South Florida Pharmacy Owner Sentenced to Almost Four Years in Prison for Role in $2.5 Million Medicare Fraud Scheme
An owner of a now-defunct Miami pharmacy was sentenced today to 46 months in prison for his participation in a scheme that caused Medicare to pay $2.5 million in false and fraudulent claims for prescription drugs that were never purchased.
Assistant Attorney General Brian A. Benczkowski of the Justice Department’s Criminal Division, U.S. Attorney Ariana Fajardo Orshan of the Southern District of Florida, Special Agent in Charge George L. Piro of the FBI’s Miami Field Office and Special Agent in Charge Shimon R. Richmond of the U.S. Department of Health and Human Services Office of Inspector General’s (HHS-OIG) Miami Regional Office made the announcement.
Gregory Sanchez, 44, of Miami Lakes, Florida, was sentenced by U.S. District Judge Ursula Ungaro of the Southern District of Florida. Judge Ungaro also ordered Sanchez to pay $2,507,942 in restitution, jointly and severally with his co-conspirators, and to forfeit the same amount. Sanchez pleaded guilty in September 2018 to one count of conspiracy to commit health care fraud.
According to admissions made as part of his plea agreement, Sanchez was an undisclosed co-owner of Med Health Equipment, LLC (Med Health), which purported to operate as a pharmacy. Sanchez admitted that he and his co-conspirators used Med Health to fraudulently bill Medicare by submitting claims for prescription drugs that Med Health never purchased and never dispensed. To carry out the fraudulent scheme, Sanchez and his co-conspirators paid and caused the payment of kickbacks to patient recruiters in exchange for the referral of Medicare beneficiaries to Med Health. As a result of fraudulent claims submitted in connection with the scheme, Medicare paid Med Health approximately $2.5 million, Sanchez admitted.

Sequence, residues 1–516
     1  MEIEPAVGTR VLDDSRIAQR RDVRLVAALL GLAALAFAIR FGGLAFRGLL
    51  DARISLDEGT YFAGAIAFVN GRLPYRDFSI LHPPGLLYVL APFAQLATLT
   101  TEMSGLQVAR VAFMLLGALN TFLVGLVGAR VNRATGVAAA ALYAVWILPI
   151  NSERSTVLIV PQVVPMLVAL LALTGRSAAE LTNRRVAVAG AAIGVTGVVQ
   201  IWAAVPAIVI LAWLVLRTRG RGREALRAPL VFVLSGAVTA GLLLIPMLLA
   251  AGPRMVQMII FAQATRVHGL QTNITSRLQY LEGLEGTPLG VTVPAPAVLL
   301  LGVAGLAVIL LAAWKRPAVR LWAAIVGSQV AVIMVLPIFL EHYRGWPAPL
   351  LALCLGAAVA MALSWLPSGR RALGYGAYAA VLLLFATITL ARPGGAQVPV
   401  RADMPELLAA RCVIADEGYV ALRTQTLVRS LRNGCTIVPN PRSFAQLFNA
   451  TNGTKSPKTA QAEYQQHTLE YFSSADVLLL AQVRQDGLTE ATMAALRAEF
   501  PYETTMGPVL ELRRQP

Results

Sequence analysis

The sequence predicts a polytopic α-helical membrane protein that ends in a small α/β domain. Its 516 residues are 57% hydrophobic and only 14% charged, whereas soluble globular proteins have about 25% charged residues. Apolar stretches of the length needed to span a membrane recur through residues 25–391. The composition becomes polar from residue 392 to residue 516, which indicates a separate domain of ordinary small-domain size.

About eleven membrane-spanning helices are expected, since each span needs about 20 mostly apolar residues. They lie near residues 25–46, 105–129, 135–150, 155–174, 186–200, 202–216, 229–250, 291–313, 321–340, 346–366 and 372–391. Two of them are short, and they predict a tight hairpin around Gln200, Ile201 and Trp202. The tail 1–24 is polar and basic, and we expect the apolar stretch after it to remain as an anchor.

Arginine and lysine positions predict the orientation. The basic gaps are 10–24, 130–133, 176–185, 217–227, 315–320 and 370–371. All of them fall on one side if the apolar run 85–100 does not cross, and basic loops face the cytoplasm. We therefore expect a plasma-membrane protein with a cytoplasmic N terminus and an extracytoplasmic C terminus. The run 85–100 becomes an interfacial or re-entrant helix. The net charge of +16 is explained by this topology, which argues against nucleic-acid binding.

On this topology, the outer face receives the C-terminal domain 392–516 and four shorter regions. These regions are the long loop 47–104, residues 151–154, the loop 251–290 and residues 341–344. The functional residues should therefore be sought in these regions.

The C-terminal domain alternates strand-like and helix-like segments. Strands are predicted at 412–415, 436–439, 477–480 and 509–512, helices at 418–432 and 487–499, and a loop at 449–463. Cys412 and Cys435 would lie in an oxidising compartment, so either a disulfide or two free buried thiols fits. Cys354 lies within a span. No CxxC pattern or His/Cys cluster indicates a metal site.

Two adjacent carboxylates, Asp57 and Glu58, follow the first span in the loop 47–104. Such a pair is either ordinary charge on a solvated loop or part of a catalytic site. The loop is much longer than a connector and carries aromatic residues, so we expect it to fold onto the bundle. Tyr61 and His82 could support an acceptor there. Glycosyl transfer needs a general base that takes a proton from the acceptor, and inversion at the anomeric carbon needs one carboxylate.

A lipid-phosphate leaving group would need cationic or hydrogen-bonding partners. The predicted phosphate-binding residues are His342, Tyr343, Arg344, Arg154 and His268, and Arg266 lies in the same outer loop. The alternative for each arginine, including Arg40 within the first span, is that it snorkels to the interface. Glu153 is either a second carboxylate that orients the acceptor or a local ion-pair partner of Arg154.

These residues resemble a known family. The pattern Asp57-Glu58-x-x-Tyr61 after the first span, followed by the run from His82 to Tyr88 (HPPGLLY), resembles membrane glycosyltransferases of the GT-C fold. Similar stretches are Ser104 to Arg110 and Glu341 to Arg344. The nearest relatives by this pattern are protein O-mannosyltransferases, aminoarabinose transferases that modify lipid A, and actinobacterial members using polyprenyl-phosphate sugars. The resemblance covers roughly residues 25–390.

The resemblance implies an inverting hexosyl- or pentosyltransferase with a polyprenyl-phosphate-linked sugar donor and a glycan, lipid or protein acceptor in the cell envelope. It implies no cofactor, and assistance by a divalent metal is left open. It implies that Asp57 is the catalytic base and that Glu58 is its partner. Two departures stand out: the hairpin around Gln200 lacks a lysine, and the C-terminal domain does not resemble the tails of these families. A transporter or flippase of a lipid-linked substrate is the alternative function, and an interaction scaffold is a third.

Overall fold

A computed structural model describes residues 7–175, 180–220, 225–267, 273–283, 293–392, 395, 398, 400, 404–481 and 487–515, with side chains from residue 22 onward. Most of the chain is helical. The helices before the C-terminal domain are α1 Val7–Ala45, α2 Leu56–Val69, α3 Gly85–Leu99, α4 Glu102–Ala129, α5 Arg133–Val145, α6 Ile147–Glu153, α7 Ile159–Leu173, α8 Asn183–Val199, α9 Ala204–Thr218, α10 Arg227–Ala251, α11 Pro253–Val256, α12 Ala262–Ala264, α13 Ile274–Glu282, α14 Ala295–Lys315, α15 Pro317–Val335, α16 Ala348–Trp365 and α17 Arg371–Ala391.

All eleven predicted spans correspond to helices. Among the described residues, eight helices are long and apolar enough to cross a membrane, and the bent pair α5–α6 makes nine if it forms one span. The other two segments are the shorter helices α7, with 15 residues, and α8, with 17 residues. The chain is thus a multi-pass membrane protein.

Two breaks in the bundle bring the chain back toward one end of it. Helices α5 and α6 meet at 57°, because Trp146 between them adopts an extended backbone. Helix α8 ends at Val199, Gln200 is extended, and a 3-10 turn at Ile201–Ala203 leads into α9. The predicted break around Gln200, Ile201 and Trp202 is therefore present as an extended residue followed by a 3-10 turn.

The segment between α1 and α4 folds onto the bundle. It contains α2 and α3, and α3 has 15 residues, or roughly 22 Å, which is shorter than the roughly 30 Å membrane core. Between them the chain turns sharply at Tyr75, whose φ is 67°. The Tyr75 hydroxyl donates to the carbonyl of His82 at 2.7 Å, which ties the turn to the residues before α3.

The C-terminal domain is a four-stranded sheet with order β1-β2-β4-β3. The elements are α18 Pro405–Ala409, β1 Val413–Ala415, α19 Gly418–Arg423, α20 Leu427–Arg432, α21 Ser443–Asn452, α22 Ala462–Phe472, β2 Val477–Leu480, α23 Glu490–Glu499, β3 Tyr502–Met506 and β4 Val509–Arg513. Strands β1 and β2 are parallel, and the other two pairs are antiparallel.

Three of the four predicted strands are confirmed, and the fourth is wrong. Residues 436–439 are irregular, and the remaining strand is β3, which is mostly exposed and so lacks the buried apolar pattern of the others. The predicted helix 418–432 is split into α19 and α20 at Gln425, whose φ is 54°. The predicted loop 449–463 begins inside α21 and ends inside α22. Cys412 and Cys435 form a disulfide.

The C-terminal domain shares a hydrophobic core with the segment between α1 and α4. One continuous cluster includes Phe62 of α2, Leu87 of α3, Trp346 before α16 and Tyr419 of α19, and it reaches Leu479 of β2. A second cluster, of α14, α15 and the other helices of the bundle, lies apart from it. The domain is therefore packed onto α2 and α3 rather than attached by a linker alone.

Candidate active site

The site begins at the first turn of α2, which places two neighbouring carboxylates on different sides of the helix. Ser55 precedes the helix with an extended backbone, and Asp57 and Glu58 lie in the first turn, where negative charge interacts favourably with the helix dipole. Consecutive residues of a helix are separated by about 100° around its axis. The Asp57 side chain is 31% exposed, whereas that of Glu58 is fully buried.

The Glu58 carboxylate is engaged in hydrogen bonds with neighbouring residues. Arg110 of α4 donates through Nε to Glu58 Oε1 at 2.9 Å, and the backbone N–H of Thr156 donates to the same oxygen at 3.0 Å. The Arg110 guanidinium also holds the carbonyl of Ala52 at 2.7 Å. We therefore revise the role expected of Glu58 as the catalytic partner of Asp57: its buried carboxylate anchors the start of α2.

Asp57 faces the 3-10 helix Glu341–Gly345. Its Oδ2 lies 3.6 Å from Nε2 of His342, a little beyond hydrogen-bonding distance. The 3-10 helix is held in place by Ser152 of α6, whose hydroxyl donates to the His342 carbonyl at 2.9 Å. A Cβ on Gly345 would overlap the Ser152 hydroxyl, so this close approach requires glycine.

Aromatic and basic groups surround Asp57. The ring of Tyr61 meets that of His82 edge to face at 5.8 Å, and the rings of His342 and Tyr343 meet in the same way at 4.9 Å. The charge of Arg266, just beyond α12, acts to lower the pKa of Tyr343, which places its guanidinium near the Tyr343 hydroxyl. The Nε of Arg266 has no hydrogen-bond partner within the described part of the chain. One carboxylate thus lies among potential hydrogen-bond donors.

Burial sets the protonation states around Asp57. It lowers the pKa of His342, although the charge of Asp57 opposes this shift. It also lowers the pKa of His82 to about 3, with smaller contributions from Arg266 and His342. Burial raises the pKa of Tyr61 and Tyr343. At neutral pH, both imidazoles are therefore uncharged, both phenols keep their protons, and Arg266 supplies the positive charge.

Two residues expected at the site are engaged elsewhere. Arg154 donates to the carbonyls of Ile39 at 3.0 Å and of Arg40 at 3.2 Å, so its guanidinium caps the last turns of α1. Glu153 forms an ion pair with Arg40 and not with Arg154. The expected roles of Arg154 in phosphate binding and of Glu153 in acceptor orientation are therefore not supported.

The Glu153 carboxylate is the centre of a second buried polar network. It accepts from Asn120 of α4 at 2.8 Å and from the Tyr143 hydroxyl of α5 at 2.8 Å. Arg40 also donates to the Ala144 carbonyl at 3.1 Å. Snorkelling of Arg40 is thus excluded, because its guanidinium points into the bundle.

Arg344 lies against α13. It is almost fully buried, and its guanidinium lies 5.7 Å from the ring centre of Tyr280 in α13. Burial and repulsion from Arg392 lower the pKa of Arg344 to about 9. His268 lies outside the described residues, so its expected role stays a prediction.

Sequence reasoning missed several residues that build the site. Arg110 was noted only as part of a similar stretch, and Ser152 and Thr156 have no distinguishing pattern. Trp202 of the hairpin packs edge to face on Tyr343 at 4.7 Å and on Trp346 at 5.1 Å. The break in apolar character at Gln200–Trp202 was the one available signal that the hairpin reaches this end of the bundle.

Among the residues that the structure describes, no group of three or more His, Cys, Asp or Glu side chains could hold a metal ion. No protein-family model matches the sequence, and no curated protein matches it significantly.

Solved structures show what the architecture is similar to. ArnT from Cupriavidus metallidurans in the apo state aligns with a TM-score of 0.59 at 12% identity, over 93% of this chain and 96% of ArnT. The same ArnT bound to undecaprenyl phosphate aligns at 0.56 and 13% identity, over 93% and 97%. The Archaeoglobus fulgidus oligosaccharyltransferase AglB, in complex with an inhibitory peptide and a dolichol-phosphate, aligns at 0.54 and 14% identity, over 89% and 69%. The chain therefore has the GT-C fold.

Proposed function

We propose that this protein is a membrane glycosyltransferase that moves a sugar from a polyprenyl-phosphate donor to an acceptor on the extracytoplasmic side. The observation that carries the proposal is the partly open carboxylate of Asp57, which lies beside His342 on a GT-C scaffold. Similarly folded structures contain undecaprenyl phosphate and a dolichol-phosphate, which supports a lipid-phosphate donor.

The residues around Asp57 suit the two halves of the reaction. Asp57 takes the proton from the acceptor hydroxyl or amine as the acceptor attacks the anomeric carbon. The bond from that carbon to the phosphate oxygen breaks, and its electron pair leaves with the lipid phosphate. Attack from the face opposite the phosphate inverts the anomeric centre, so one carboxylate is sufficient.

Five co-conspirators were charged separately in this case. Lazaro Perez, 55, of Miramar, Florida, and Maria Estrada, 40, of Doral, Florida, both additional co-owners of Med Health, each pleaded guilty to conspiracy to commit health care fraud and were sentenced in April 2018 and August 2018 to serve 63 and 57 months in prison, respectively. Yulieth Dominguez Gonzalez, 40, of Miami, pleaded guilty to conspiracy to receive kickbacks and was sentenced in June 2018 to serve 21 months in prison. Rosa Menendez, 65, of Homestead, Florida, pleaded guilty to conspiracy to commit money laundering and was sentenced in October 2018 to serve 18 months in prison. Pablo Garcia Menendez, another co-owner of Med Health, was charged by indictment in February 2018 and remains a fugitive.
All defendants are presumed innocent until proven guilty beyond a reasonable doubt in a court of law.
The FBI and HHS-OIG investigated the case, which was brought as part of the Medicare Fraud Strike Force under the supervision of the Criminal Division’s Fraud Section and the U.S. Attorney’s Office for the Southern District of Florida. Trial Attorney David Snider of the Fraud Section is prosecuting the case.
The Criminal Division’s Fraud Section leads the Medicare Fraud Strike Force. Since its inception in March 2007, the Medicare Fraud Strike Force, which maintains 14 strike forces operating in 23 districts, has charged nearly 4,000 defendants who have collectively billed the Medicare program for more than $14 billion. In addition, the HHS Centers for Medicare & Medicaid Services, working in conjunction with the HHS-OIG, are taking steps to increase accountability and decrease the presence of fraudulent providers.